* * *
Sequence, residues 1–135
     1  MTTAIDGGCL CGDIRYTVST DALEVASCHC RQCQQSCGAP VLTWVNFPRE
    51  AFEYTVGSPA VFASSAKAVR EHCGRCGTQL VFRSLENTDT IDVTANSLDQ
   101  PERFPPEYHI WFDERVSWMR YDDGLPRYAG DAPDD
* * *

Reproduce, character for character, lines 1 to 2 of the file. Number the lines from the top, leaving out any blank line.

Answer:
Sequence, residues 1–135
     1  MTTAIDGGCL CGDIRYTVST DALEVASCHC RQCQQSCGAP VLTWVNFPRE